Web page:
In a visualization of actual data, the rainbow scale tends to obscure data features and/or highlight arbitrary aspects of the data (Figure 15.5). As an aside, the colors in the rainbow scale are also overly saturated. Looking at Figure 15.5 for any extended period of time can be quite uncomfortable.
15.3 Not designing for color-vision deficiency
Whenever we are choosing colors for a visualization, we need to keep in mind that a good proportion of our readers may have some form of color-vision deficiency (i.e., are colorblind). These readers may not be able to distinguish colors that look clearly different to most other people. People with impaired color vision are not literally unable to see any colors, however. Instead, they will typically have difficulty to distinguish certain types of colors, for example red and green (red–green color-vision deficiency) or blue and green (blue–yellow color-vision deficiency). The technical terms for these deficiencies are deuteranomaly or protanomaly for the red–green variant (where people have difficulty perceiving either green or red, respectively) and tritanomaly for the blue–yellow variant (where people have difficulty perceiving blue). Approximately 8% of males and 0.5% of females suffer from some sort of color-vision deficiency, and deuteranomaly is the most common form whereas tritanomaly is relatively rare.
As discussed in Chapter 4, there are three fundamental types of color scales used in data visualization: sequential scales, diverging scales, and qualitative scales. Of these three, sequential scales will generally not cause any problems for people with color-vision deficiency (cvd), since a properly designed sequential scale should present a continuous gradient from dark to light colors. Figure 15.6 shows the Heat scale from Figure 4.3 in simulated versions of deuteranomaly, protanomaly, and tritanomaly. While none of these cvd-simulated scales look like the original, they all present a clear gradient from dark to light and they all work well to convey the magnitude of a data value.
Things become more complicated for diverging scales, because popular color contrasts can become indistinguishable under cvd. In particular, the colors red and green provide about the strongest contrast for people with normal color vision but become nearly indistinguishable for deutans (people with deuteranomaly) or protans (people with protanomaly) (Figure 15.7). Similarly, blue-green contrasts are visible for deutans and protans but become indistinguishable for tritans (people with tritanomaly) (Figure 15.8).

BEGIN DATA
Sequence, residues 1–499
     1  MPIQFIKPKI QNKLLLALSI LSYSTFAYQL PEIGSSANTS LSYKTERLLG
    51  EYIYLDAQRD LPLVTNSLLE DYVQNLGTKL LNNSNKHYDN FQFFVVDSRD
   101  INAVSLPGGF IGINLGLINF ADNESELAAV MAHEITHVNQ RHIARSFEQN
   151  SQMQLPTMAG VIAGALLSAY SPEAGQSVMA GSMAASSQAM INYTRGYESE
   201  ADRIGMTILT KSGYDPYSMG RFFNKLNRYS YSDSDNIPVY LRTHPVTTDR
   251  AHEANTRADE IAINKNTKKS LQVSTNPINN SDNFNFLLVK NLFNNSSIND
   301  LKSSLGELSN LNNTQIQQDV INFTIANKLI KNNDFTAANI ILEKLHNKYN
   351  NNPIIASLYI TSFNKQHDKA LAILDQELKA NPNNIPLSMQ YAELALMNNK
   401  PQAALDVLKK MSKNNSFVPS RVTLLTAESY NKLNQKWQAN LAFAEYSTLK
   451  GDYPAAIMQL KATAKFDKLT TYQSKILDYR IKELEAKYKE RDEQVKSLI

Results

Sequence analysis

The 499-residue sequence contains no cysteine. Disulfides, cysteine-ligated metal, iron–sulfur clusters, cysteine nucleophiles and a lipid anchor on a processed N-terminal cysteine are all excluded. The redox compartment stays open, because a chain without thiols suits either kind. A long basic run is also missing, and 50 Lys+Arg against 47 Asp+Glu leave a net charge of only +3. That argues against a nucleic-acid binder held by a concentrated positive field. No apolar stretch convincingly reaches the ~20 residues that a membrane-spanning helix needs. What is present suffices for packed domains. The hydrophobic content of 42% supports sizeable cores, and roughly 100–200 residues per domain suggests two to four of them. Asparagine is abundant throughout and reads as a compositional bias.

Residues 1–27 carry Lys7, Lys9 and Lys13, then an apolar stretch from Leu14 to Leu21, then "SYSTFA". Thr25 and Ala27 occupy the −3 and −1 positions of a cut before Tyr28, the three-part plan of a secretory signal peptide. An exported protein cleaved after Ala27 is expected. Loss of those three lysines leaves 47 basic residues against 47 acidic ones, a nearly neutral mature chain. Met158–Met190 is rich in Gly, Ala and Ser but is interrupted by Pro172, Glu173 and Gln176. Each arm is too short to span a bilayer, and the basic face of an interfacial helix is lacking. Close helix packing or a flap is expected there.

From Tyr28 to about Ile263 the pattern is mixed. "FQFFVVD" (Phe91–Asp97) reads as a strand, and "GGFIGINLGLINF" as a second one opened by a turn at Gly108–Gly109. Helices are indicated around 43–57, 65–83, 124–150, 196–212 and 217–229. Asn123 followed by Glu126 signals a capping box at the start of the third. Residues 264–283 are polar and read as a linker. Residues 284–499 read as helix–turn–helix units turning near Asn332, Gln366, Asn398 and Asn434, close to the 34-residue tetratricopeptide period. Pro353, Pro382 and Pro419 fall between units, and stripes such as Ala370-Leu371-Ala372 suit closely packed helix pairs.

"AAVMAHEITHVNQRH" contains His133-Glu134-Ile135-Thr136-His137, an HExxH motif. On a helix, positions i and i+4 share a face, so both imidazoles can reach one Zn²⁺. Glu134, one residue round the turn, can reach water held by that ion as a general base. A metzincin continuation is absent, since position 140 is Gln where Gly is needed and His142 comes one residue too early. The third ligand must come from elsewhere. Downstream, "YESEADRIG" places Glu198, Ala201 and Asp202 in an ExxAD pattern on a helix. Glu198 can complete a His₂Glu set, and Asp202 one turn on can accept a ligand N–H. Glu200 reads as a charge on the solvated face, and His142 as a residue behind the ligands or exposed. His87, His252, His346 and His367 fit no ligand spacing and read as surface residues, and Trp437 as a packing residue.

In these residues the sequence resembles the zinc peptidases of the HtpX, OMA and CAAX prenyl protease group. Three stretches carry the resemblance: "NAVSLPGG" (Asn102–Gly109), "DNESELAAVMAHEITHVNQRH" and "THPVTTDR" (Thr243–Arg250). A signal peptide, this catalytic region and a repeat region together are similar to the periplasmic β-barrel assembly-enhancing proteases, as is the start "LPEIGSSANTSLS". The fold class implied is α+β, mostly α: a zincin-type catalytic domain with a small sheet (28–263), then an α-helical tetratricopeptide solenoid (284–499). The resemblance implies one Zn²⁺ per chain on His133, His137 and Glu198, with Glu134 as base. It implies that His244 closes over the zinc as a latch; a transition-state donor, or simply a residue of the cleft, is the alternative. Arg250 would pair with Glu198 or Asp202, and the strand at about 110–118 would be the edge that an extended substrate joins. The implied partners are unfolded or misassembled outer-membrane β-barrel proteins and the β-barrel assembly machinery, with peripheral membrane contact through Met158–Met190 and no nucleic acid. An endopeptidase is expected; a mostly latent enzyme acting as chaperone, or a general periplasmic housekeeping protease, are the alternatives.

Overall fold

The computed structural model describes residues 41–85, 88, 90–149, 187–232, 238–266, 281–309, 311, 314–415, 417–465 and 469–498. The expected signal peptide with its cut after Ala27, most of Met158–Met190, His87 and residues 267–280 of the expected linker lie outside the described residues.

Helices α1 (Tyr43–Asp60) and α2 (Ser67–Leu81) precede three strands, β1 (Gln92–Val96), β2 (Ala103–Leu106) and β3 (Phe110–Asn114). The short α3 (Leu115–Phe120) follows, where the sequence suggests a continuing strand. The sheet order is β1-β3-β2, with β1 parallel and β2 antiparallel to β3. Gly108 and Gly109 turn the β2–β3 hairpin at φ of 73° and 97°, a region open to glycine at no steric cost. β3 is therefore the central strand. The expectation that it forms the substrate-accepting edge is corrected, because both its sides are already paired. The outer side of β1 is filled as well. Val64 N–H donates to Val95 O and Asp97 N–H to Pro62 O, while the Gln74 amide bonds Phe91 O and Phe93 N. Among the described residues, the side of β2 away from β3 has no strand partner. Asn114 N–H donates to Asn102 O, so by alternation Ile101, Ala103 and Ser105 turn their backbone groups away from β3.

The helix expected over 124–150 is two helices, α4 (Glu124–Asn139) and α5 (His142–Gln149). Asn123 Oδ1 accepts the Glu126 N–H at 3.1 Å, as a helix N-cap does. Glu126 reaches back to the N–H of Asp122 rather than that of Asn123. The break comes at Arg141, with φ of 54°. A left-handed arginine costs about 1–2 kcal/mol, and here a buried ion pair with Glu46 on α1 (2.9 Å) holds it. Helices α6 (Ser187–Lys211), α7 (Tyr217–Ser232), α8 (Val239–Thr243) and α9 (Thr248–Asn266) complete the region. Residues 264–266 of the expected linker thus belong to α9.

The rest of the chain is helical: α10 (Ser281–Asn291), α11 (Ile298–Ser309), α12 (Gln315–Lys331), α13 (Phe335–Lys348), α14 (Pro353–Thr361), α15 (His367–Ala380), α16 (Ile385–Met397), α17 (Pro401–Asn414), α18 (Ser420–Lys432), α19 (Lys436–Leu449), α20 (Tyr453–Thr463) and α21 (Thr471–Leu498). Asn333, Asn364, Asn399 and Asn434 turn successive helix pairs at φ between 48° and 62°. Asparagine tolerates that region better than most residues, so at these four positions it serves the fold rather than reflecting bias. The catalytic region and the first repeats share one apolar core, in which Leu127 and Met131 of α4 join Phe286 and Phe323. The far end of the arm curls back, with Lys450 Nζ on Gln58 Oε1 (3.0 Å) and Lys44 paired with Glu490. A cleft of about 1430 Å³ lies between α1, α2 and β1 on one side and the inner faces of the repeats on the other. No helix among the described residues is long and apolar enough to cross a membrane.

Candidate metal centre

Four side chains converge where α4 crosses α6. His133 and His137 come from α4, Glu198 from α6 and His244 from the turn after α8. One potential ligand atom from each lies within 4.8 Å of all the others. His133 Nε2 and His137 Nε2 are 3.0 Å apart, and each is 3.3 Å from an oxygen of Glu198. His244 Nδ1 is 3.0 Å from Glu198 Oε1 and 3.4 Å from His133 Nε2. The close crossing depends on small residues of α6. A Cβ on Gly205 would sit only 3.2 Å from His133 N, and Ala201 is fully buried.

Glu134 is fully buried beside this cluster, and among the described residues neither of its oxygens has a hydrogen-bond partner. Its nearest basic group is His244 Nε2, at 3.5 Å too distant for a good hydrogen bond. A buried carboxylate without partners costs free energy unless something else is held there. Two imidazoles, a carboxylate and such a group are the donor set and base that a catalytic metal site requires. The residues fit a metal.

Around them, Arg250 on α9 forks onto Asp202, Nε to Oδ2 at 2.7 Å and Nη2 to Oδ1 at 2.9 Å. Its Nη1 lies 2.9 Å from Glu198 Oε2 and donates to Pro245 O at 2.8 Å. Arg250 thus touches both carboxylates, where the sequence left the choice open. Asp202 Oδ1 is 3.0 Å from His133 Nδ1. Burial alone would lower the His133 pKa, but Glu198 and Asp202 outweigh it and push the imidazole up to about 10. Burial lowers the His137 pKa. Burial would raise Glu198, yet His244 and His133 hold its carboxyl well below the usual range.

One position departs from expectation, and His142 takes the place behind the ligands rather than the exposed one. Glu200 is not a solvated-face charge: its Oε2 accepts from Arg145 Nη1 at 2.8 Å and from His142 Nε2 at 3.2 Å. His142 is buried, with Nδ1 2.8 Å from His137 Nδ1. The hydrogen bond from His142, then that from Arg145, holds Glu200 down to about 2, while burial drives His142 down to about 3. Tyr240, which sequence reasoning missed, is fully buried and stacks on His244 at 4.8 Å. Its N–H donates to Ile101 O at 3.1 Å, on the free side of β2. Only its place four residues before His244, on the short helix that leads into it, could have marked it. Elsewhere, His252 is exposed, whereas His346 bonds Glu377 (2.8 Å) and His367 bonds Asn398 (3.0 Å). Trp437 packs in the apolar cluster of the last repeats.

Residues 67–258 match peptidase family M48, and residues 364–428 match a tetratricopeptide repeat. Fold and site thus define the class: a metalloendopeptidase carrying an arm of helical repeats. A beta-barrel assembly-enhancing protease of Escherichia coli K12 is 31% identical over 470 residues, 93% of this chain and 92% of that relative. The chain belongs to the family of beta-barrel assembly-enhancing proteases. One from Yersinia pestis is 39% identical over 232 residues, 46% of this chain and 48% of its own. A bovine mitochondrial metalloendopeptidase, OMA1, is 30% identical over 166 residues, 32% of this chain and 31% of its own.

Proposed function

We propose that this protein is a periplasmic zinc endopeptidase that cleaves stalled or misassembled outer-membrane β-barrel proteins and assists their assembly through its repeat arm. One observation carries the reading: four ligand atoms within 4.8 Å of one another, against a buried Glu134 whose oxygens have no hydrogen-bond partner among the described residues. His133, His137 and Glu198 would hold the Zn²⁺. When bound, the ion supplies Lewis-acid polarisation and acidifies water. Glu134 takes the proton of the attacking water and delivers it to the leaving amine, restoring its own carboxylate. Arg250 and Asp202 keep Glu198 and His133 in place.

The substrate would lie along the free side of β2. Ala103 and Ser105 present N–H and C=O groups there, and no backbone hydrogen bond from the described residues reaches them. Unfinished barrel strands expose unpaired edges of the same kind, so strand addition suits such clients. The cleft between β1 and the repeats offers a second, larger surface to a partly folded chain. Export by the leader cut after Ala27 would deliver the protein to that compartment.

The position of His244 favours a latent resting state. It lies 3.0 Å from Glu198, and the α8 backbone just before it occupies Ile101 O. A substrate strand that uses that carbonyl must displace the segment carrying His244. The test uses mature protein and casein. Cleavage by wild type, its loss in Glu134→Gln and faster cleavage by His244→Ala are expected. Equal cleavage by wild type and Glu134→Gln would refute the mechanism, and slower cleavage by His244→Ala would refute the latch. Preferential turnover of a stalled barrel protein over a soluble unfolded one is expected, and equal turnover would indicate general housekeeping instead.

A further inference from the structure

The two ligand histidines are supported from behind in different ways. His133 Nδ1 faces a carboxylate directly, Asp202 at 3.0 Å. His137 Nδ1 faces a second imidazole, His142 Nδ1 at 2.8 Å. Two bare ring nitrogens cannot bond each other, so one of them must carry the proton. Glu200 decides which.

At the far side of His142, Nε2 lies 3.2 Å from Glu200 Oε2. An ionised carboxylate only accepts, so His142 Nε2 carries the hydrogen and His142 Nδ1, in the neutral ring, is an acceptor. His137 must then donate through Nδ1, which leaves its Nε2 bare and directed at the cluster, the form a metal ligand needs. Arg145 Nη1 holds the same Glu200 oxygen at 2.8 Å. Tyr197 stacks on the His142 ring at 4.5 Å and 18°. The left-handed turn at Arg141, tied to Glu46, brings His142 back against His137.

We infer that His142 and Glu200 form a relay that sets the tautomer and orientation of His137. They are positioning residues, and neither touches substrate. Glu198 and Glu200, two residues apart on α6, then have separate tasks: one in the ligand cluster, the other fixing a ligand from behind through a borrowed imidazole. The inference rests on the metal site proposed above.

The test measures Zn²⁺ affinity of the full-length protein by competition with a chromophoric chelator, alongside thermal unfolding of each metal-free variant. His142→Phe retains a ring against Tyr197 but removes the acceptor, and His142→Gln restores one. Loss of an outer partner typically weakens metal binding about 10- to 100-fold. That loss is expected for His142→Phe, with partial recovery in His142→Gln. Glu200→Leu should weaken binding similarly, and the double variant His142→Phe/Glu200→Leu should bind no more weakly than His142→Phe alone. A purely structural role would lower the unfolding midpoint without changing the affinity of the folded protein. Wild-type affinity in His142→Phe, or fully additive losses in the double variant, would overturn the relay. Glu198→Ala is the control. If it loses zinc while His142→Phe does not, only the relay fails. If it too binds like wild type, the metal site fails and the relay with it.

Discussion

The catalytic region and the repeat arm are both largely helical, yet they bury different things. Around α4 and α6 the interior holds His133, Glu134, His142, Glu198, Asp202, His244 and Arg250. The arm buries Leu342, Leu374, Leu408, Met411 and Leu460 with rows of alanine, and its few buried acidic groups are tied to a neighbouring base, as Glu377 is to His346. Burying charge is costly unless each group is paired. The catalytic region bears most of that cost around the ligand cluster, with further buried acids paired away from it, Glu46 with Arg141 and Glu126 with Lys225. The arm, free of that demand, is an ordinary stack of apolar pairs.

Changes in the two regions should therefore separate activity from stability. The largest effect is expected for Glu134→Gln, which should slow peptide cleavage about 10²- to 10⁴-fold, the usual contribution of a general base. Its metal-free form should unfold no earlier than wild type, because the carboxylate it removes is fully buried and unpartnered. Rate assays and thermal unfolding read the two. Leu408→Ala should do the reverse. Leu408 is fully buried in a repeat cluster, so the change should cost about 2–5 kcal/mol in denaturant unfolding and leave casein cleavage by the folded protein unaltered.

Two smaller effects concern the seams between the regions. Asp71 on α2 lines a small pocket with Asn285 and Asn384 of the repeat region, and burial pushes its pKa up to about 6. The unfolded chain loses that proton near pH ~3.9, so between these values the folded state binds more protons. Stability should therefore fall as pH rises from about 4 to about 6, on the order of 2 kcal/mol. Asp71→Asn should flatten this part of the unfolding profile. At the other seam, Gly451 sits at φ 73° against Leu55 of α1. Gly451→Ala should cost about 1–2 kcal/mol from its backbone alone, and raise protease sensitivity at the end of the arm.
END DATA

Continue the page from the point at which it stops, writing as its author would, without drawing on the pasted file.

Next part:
With these examples, it might seem that it is nearly impossible to find two contrasting colors that are safe under all forms of cvd. However, the situation is not that dire. It is often possible to make slight modifications to the colors such that they have the desired character while also being safe for cvd. For example, the ColorBrewer PiYG (pink to yellow-green) scale from Figure 4.5 looks red–green to people with normal color vision yet remains distinguishable for people with cvd (Figure 15.9).
Things are most complicated for qualitative scales, because there we need many different colors and they all need to be distinguishable from each other under all forms of cvd. My preferred qualitative color scale, which I use extensively throughout this book, was developed specifically to address this challenge (Figure 15.10). By providing eight different colors, the palette works for nearly any scenario with discrete colors. As discussed at the beginning of this chapter, you should probably not color-code more than eight different items in a plot anyways.
|Name||Hex code||Hue||C, M, Y, K (%)||R, G, B (0-255)||R, G, B (%)|
|orange||#E69F00||41°||0, 50, 100, 0||230, 159, 0||90, 60, 0|
|sky blue||#56B4E9||202°||80, 0, 0, 0||86, 180, 233||35, 70, 90|
|bluish green||#009E73||164°||97, 0, 75, 0||0, 158, 115||0, 60, 50|
|yellow||#F0E442||56°||10, 5, 90, 0||240, 228, 66||95, 90, 25|
|blue||#0072B2||202°||100, 50, 0, 0||0, 114, 178||0, 45, 70|
|vermilion||#D55E00||27°||0, 80, 100, 0||213, 94, 0||80, 40, 0|
|reddish purple||#CC79A7||326°||10, 70, 0, 0||204, 121, 167||80, 60, 70|
|gray||#999999||-||0, 0, 0, 60||153, 153, 153||60, 60, 60|
While there are several good, cvd-safe color scales readily available, we need to recognize that they are no magic bullets. It is very possible to use a cvd-safe scale and yet produce a figure a person with cvd cannot decipher. One critical parameter is the size of the colored graphical elements. Colors are much easier to distinguish when they are applied to large areas than to small ones or thin lines. And this effect is exacerbated under cvd (Figure 15.11). In addition to the various color-design considerations discussed in this chapter and in Chapter 4, I recommend to view color figures under cvd simulations to get a sense of what they may look like for a person with cvd. There are several online services and desktop apps available that allow users to run arbitrary figures through a cvd simulation.
To make sure your figures work for people with cvd, don’t just rely on specific color scales. Instead, test your figures in a cvd simulator.
Okabe, M., and K. Ito. 2008. “Color Universal Design (CUD): How to Make Figures and Presentations That Are Friendly to Colorblind People.” http://jfly.iam.u-tokyo.ac.jp/color/.